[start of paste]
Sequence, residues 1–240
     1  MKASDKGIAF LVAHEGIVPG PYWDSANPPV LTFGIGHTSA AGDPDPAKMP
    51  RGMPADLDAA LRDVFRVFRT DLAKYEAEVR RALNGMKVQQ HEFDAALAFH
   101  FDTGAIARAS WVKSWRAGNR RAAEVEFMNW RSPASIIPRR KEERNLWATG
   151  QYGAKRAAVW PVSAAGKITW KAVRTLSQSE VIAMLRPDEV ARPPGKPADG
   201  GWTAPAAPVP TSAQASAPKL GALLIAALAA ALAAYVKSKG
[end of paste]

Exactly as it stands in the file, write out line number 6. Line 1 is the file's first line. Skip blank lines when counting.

   201  GWTAPAAPVP TSAQASAPKL GALLIAALAA ALAAYVKSKG